Squat the City! Fuck the Rent!

(Here is a little article I wrote for a radical publication at McGill called "School Schmool")

Squat the City! Fuck the Rent!
By Aaron Lakoff

What is a squat, you ask? While some people squat clandestinely in buildings hidden on the outskirts of urban centers, the act of squatting can also be explicitly political. Squatting has strong roots in the tradition of anarchism, and adheres to a simple philosophy: if the landlords keep jacking up the rent, and if the government refuses to build any social housing, people should act to create housing themselves, NOW. Like anarchism, it also challenges the concept private property by expriopriating from the rich what they don’t use, and turning it into a collective asset for the poor. Throughout history, whenever there have been strong anarchist movements (such as in France in the 1870’s, Spain in the 1930’s, and very recently in Oaxaca, Mexico), people have taken over factories, government buildings, abandoned property, and turned them into self-managed, autonomous centers for the community.

Over the last few years in Canada, there have been many interesting examples of political squats which have captured the attention and the imagination of the country. In 2002, there was an explosion of political squats which began to emerge from coast to coast, including the Woodwards squat in Vancouver, the Pope Squat in Toronto, the 7-Year Squat in Ottawa, and the Overdale/Prefontaine Squat in Montreal. Some of these squats, like the ones in Toronto and Ottawa, were made to coincide with major international events (the visit of Pope Jean-Paul II, and the G8 summit, respectively) in order to draw attention to the housing crises in these cities.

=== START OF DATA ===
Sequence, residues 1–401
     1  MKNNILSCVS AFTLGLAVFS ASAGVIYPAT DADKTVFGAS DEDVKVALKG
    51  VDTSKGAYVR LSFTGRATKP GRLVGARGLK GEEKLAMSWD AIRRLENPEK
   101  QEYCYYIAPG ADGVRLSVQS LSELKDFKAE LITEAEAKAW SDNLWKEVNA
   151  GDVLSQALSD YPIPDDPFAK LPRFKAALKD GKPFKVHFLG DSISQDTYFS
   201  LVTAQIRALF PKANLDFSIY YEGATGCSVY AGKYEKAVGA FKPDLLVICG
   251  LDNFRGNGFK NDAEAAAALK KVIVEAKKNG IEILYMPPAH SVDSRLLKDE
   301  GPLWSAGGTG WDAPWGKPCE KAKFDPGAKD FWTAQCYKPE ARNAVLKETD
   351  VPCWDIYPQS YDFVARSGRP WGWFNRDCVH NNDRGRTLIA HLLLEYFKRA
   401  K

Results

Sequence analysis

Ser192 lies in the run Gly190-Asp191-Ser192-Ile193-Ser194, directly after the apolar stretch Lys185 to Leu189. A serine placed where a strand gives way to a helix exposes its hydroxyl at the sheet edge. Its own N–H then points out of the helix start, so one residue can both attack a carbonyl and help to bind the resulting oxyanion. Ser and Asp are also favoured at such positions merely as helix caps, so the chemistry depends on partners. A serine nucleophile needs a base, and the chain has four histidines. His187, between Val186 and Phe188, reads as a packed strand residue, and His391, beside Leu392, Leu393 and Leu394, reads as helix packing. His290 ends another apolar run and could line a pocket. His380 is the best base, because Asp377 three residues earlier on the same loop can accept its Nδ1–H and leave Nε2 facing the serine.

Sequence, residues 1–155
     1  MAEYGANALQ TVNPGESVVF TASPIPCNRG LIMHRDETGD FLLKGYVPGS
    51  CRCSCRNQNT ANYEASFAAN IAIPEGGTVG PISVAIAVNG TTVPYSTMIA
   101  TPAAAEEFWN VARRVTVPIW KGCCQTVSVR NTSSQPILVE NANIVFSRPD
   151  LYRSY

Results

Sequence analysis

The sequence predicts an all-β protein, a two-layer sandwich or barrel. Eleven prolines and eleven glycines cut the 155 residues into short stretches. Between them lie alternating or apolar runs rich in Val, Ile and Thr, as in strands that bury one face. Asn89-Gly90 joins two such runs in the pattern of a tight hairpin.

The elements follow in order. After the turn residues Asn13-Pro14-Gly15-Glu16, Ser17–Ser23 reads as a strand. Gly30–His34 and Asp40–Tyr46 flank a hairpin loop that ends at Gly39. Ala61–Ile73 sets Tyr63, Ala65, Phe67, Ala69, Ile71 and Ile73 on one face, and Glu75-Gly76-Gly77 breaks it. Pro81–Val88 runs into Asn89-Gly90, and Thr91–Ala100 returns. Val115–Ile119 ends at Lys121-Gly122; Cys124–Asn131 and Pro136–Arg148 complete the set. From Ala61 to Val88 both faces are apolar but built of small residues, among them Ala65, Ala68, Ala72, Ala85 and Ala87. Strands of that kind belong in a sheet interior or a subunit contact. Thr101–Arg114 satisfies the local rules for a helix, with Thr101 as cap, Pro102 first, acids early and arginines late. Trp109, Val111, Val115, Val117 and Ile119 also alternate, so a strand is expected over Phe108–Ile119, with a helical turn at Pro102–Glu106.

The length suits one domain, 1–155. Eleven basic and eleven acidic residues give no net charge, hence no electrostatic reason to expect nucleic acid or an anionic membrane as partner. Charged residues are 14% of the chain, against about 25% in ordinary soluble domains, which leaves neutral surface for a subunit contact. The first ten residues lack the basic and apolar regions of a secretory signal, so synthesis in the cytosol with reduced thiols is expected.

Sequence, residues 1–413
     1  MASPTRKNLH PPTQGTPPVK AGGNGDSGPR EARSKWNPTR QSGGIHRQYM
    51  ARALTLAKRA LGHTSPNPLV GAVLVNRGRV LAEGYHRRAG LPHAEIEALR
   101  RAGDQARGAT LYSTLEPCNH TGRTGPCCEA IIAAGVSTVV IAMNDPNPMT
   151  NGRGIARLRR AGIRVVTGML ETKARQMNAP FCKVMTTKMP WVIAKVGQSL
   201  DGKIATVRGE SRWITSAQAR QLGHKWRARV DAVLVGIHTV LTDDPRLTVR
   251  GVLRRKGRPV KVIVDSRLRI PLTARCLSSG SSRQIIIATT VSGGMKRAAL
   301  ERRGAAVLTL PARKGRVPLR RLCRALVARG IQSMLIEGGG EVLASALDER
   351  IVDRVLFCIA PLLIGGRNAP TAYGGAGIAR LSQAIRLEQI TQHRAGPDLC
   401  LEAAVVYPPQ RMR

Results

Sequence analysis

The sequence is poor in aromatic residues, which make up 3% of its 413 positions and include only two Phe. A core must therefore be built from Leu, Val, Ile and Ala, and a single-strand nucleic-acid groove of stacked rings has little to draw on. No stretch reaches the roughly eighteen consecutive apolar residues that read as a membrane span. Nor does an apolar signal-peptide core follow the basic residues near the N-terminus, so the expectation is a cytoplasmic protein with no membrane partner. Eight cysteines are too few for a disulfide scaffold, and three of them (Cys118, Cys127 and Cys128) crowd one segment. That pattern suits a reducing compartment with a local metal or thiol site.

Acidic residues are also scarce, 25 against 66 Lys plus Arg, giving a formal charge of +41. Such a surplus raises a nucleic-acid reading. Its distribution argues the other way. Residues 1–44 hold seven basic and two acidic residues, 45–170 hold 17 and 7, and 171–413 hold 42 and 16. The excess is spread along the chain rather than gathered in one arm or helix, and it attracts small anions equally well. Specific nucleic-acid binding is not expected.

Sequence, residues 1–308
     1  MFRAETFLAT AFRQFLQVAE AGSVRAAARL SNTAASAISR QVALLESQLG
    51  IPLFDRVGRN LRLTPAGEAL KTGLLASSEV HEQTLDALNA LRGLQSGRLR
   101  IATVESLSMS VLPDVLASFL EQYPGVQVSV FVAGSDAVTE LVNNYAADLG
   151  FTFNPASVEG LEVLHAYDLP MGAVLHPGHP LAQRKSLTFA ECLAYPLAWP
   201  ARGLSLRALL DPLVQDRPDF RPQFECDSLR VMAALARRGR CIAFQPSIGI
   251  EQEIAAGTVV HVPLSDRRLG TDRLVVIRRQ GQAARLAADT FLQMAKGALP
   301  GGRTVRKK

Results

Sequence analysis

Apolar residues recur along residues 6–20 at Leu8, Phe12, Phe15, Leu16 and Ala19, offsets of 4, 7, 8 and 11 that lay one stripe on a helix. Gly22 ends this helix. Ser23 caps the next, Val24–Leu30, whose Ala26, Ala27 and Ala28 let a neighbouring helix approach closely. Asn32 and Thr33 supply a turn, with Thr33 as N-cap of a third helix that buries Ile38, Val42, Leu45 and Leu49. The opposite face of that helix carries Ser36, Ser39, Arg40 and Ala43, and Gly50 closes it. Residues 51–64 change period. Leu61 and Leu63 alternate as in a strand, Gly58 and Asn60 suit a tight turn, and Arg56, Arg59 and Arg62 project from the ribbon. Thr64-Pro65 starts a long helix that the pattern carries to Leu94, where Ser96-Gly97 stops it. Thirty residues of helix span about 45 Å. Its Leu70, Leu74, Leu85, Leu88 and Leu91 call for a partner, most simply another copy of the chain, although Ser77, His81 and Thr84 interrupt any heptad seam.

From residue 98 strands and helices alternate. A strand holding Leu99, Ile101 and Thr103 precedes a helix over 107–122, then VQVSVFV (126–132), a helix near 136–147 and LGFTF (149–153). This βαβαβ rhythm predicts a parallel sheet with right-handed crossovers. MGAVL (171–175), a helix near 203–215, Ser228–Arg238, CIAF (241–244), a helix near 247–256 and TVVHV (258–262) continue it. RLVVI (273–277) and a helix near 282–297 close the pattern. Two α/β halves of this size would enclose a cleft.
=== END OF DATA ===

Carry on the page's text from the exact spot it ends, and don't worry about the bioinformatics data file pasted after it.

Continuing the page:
In Quebec, the provincial government hasn’t built any low-cost housing since 1994, and in the city of Montreal alone, there are 24 000 households on the waiting list to get into social housing. Many of them will have to wait for years, in horrible private-housing conditions, with little income to support their families. It is clear that the need for squats still exists.

In Montreal, la Pointe Libertaire, an anarchist collective based in Point-st-Charles, is working with the community towards creating a squat and social center some time in the next few months. For more information, you can check out their exciting project at www.lapointelibertaire.org. For more info on squatting in Montreal, you can also rent the film “Squat” by Eve Lamont at La Boite Noire.

Further reading:

(Aaron Lakoff is a McGill drop-out, a community organizer in Cote-des-Neiges, and an anarchist who is inspired by reggae music and good coffee)